Each one looks fairly similar. Here is an example:
Now, a few key notes here:
- I have never signed up for Bark, never used the service, never had my badge scanned by someone from Bark at a conference, and never given permission for them to email me.
- I am not a lawncare professional (quite the opposite, I am a shitty gardener).
- I don’t live in Solihull. I live on the other side of the planet in California.
After I got the third email I reached out to Bark via Twitter to ask why they are contacting me. They asked me to continue the conversation in a Direct Message. I am not sharing those messages here because I don’t believe in posting private conversations.
In a nutshell, I was informed a colleague got my details online and must have got it wrong about my expertise in lawncare. I asked where they got my details from and they said from my contact page.
When I informed them that spamming is illegal in England, they assured me that the precautions they take in the emails they send (e.g. including an opt-out link) mean their emails operate within the law.
Issues and Solutions
As mentioned above, I have no animosity to Bark themselves, and I am sure they are good people trying to do good work (in fact, their people responding on social media were lovely), but there are flaws in this current model. Let’s cover these and some proposed solutions.
Ensure your emails are accurate
As shown above, the emails I got from Bark were simply broken in the two most critical areas: the service sought and the location. As someone who isn’t a gardener living in California, I am of literally no use in this correspondence.
This means that Bark is wasting my time (opening and reading the email) and wasting their resources (e.g. sending out the emails, trying to connect customers and providers etc).
One would assume this simply providers no value, but it is worse as it now cements Bark in my head as an incompetent organization to get this so wrong.
Solution: always ensure your emails in any context are (a) accurate, (b) personal, and (c) provide value. There is an uncanny valley in emails: people can often spot if they are automated. If you do automate (which is totally fine in many scenarios), it should be personal and offer relevant value.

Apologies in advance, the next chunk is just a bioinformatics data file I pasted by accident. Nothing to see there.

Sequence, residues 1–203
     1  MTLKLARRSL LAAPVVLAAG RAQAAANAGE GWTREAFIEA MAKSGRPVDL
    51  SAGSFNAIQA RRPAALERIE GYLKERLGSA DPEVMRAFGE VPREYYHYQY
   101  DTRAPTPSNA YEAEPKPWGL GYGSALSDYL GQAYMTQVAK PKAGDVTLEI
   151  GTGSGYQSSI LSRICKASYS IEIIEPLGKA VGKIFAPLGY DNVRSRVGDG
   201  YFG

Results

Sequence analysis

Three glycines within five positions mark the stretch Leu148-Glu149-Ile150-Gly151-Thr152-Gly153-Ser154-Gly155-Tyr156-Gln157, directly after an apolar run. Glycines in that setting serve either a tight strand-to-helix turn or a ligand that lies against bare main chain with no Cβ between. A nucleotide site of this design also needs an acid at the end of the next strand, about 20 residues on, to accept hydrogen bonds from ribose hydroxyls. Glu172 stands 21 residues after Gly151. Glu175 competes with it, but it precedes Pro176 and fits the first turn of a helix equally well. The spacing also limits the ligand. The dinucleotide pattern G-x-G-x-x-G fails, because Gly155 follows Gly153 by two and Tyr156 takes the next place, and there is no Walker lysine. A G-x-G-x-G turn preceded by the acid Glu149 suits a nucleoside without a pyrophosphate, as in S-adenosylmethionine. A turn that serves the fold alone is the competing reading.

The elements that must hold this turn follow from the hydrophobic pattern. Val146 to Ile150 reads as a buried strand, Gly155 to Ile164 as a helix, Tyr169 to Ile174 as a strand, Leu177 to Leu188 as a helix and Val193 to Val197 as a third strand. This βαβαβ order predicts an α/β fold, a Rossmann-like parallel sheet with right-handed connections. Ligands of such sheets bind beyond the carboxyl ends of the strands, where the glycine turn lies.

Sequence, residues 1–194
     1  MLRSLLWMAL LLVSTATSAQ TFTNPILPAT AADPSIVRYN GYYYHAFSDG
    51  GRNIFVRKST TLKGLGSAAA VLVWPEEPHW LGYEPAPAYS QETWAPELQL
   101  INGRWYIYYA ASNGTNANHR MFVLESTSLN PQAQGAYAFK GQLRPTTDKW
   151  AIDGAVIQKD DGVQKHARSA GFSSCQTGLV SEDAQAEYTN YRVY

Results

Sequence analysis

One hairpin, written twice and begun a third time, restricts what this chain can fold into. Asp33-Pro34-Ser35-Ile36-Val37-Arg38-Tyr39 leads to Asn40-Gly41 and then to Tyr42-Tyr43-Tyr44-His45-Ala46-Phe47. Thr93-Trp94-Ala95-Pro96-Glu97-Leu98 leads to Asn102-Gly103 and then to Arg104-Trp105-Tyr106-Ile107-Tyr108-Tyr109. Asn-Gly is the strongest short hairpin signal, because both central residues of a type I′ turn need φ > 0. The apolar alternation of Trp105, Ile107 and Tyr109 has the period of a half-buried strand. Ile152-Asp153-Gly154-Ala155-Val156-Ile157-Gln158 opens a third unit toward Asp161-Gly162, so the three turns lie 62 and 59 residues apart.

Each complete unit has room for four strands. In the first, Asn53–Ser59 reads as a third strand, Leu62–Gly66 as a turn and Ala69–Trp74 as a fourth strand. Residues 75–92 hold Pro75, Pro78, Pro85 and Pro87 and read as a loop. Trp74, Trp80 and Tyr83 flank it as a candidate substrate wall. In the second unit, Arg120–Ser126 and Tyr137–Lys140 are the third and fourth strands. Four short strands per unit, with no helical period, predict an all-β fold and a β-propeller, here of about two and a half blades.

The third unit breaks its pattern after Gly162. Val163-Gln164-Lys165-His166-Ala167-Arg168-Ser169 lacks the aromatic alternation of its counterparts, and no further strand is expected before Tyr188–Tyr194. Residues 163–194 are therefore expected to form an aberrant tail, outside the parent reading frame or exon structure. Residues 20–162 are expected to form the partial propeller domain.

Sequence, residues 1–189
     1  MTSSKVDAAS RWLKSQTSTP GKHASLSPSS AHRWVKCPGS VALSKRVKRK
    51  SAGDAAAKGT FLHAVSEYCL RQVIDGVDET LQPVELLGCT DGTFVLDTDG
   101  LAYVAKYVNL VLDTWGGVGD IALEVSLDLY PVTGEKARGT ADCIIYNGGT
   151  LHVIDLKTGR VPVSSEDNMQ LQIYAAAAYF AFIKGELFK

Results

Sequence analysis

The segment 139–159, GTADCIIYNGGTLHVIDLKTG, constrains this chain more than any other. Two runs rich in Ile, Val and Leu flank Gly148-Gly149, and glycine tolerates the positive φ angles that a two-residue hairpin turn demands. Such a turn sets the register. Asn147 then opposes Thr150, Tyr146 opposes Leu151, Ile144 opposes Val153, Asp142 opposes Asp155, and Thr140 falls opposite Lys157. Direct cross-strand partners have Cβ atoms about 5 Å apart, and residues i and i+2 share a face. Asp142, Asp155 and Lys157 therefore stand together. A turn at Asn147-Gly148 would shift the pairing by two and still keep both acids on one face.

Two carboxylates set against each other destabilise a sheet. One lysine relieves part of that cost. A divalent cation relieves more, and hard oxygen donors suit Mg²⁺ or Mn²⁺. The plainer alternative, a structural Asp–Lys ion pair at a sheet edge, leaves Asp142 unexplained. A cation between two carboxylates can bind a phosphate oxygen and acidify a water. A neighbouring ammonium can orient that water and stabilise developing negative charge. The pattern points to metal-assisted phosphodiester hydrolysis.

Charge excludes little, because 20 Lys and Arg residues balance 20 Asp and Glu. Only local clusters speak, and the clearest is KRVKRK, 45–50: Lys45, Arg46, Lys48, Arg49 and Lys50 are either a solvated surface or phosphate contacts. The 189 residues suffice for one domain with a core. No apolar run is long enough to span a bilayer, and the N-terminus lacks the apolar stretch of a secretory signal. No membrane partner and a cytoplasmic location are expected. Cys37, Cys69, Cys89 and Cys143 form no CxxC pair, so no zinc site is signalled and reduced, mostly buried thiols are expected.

Don’t send valueless unsolicited email
Now, it is easy to be snippy about unsolicited email, but it is not bad in all scenarios. Importantly, people judge unsolicited email in three areas:
- Who sent it
- The value of the content
- The relevance of the content to the reader
Some unsolicited emails are helpful. For example, when someone out of the blue emails me about hiring me it is of value. As per above, (1) the person themselves sent it, (2) it relates to my area of expertise and business, (3) I can probably serve those needs.
In this case, (1) some random company sent this to me, not the person themselves looking for business, (2) the content as discussed above is entirely mismatched to me or my location, and (3) see #2.
Solution: firstly, you should never send emails to people have not indicated in some form they are happy to get them (e.g. having a badge scanned at a conference or agreeing to receive email). Secondly, always ensure this content is highly tuned to the reader: make it personal, make it demonstrate value specific to them, and include the integrity of the sender in it. Unsolicited email can be used for good but as a general rule it is broadly abused and then it is filed in the spam folder where it never gets looked at.
Don’t scrape contact details
In this instance, it seems my contact details were pulled from my public contact form. Now, to be clear, I put my email address there (it is not hidden).
The issue here is twofold.
Firstly, when I created my contact page, I intended for people to contact me directly with questions, queries, and potential collaborations. I don’t put it there to get unsolicited email.
Secondly, I am convinced that the reason why the original email to me was so inaccurate (lawn services and me living in Solihull) is because they tried to find corrosponding information in some scraped way (or with a minimal level of human effort). Quite how they got to lawn services I don’t know. I did used to live near Solihull at least…
Solution: don’t scrape contact details from the Internet. It is unwanted, it doesn’t work well, and and it offers little value for everyone involved.
Don’t use the law as a defence for poor engagement
When I queried Bark via DM about where they got my contact details and informed them that spamming is illegal in the UK, their response was that they are operating within the laws of the UK. I believe this: I am not suggesting at all that Bark are breaking the law, I don’t think they are.
The problem with this response though is that it is needling out of the problem. Sure, they are working within the parameters of the law, but are they working within the parameters of how people like to be treated online?
I don’t think so.
Solution: don’t send unsolicited email, as outlined above.
The core of my philosophy with how companies should build communities and engage with their customers/users is that it should be authentic. In a nutshell, treat your customers as you want to be treated yourself.
When we automate away the personality of a service, when we forfeit due diligence in the interests of growth, and when we deliver an experience that puts the other person in a position of being bombarded with content they didn’t ask for, it erodes brand confidence.
I think this is happening here. Just a few small examples: